Next January Mr. Duvall will celebrate his 80th birthday. He has been a Hollywood actor for 48 years, having moved from stage to screen in 1962 as Boo Radley in “To Kill a Mockingbird.” He is among a handful of A-list actors who have neared or reached 80 while suffering little to no career slowdown. Clint Eastwood is 80. Michael Caine is 77. Morgan Freeman and Anthony Hopkins are both in their early 70s. With Gene Hackman, 80, retired, the list pretty much stops there.
Mr. Duvall’s longevity raises two intertwined questions. For one, what has he been doing right all these years? For another, is the end of his laws-of-Hollywood-physics-defying run in sight?
“It’s coming. It’s got to be,” Mr. Duvall said, addressing the second question over an Earl Grey tea at the Four Seasons hotel in Manhattan last Monday. (He’d also spoken by phone a few days earlier.) In town from Virginia, where he shares a 360-acre farm with his wife, two dogs and several horses, he wore black jeans, cowboy boots and a Texas Longhorns track jacket that hewed close to his barrel chest…
To answer the question of Mr. Duvall’s longevity, a good place to start is the range of characters he’s inhabited over the years. He began acting in the ’50s but was a Hollywood latecomer — he “arrived a fully formed actor,” said the British film critic Tom Shone, the author of “Blockbuster: How Hollywood Learned to Stop Worrying and Love the Summer.”
Mr. Duvall rose to prominence in the ’70s alongside figures like Al Pacino, Dustin Hoffman and Robert De Niro, who brought a new energy to the movies. They were not simply “movie stars, like Errol Flynn or Clark Gable,” said Bruce Beresford, who directed Mr. Duvall in 1983’s “Tender Mercies,” but also “superlative actors” who “became totally identified with whichever role they were playing.”
Mr. Duvall stood out in Robert Altman’s “Countdown” (1968) and George Lucas’s “THX 1138” (1971), but it was in Francis Ford Coppola’s “Godfather” (1972), playing cool-headed Corleone consigliere Tom Hagen, that he gave his first indelible performance. In 1979 he took a 180-degree turn and won raves playing two military men whose heads were about as cool as napalm: Bull Meechum in “The Great Santini” and Lieutenant Colonel Kilgore in “Apocalypse Now.” In “Apocalypse” Mr. Duvall’s performance “upset the moral tidiness of the film,” Mr. Shone said, complicating the “peacenik” proceedings “with this charismatic, full-throated, fantastic hawk.”
Downshifting in “Tender Mercies,” Mr. Duvall won the best actor Oscar for his restrained portrayal of Mac Sledge, a down-and-out country singer whose inner storms roil beneath but never quite break through his wistful surface. In the years since, Mr. Duvall has played a hardboiled detective, a Texas preacher, Dwight D. Eisenhower and Stalin. What unites these performances, he said, is that, “Within each character, I like to find the contradictions. Even when I played Stalin, I tried to find a vulnerable point for that guy.”
Sissy Spacek said, “He embodies the character,” describing the experience of watching Mr. Duvall at work on “Get Low,” which opens Friday, and in which she has a supporting role. (Bill Murray co-stars as an undertaker.) “Every actor has their own process, but his is seamless. He just becomes.”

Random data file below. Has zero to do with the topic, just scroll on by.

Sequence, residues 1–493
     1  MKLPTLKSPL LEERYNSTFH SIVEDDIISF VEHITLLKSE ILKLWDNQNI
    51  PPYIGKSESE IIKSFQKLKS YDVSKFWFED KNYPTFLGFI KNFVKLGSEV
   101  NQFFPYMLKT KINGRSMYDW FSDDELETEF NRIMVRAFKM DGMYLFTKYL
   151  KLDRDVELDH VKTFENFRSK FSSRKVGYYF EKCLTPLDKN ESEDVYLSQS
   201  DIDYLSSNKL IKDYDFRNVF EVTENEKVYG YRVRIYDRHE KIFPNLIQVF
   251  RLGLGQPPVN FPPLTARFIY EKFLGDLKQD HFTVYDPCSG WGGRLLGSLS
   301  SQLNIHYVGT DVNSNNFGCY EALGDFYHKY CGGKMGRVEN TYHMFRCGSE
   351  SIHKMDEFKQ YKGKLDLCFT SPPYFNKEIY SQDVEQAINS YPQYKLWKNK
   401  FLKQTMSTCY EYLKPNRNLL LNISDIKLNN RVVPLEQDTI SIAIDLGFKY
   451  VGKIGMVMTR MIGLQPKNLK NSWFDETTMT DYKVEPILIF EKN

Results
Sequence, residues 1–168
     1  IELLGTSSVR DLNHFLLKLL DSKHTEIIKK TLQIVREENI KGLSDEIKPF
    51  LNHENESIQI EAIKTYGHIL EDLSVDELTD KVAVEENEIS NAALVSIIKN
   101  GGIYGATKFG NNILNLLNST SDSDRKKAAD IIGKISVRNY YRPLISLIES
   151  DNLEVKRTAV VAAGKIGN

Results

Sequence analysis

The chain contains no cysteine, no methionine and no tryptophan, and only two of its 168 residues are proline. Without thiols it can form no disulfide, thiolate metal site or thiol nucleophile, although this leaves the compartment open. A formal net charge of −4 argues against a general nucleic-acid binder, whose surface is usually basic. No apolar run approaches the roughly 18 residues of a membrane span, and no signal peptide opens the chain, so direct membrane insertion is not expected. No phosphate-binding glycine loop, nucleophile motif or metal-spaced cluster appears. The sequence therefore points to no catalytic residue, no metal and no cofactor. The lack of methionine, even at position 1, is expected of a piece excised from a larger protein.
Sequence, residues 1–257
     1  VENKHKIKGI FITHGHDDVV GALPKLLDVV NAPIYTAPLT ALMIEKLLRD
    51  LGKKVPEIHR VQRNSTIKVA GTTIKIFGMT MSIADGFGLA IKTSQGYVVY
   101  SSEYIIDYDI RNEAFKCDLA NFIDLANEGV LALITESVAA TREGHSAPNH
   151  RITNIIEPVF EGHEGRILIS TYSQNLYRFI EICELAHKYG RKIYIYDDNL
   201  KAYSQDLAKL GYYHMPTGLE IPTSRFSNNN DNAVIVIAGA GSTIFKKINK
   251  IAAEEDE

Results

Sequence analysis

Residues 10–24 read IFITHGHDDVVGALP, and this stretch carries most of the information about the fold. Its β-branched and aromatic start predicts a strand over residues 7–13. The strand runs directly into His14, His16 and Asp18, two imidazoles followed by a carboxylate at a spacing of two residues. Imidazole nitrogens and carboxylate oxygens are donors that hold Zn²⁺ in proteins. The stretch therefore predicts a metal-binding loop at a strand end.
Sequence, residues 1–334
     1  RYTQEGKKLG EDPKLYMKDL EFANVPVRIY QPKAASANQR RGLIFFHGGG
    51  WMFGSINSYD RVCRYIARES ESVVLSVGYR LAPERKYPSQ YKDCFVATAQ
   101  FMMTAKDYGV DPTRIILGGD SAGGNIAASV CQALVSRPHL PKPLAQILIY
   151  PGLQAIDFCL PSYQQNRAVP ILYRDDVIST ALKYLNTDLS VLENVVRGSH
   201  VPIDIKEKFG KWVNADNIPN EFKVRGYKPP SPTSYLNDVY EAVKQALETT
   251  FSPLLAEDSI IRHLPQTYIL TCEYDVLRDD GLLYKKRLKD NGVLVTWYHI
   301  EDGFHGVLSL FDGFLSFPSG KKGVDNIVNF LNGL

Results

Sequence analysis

That aura of seamlessness results from a technique that balances intense preparation and spontaneity. After taking a role, Mr. Duvall does his homework. To play Mac Sledge he frequented honky-tonk bars and even sang with a makeshift country band. To inhabit Euliss Dewey, a Pentecostal preacher and heartfelt ham in “The Apostle” (1997), which Mr. Duvall also wrote and directed, he spent years visiting black churches. He marinates in such research but makes no firm decisions about how to play a part until cameras roll…
The Oil Drum – Posted by Gail the Actuary
With Tropical Depression Bonnie dissipating, the slow process of getting all of the boats back in place and workers back to work is now beginning. Much of the discussion at Admiral Allen’s press conference on Saturday, however, was about the expected impact of the Bonnie. NOAA Administrator Dr. Jane Lubchenco was present to explain the impacts. She indicated she expected a number of positive benefits of the storm:
- It will spread the surface slick out and thereby lower oil concentrations.
- It’s expected to break tar patches and tar mass into smaller tar balls which means faster weathering and faster natural biodegradation.
- It will also cause more natural dispersion again lowing the concentration of oil in the water and making it more available to the natural bacteria that are in the water that do this natural biodegradation.
- Some waves generated by Bonnie may act to flush the beaches and redistribute oil and tar balls that are on the beaches. Some of those tar balls may be dispersed, some may move back out to sea. In some cases, the beaches may look cleaner as a result of this redistribution.
Admiral Allen mentioned that it had been possible to keep two vessels on the scene, so they were able to be with the ROVs overnight. Thus, they were able to continue monitoring pressure readings. Pressure readings continue to slowly rise (6,891 psi at midnight last night), showing evidence of integrity at the well head…
Dr. Lubchenco wouldn’t quite go as far as say that she expected the storm to be a net benefit, though. She said it would depend on where you are. Some places might be better, but others might be worse. In some places, oil might be pushed farther inland, although with little storm surge, this would be a relatively smaller problem. The storm wouldn’t have any impact on the deep oil mixed with the water…
A Closer Look: A closer look at the Mona Lisa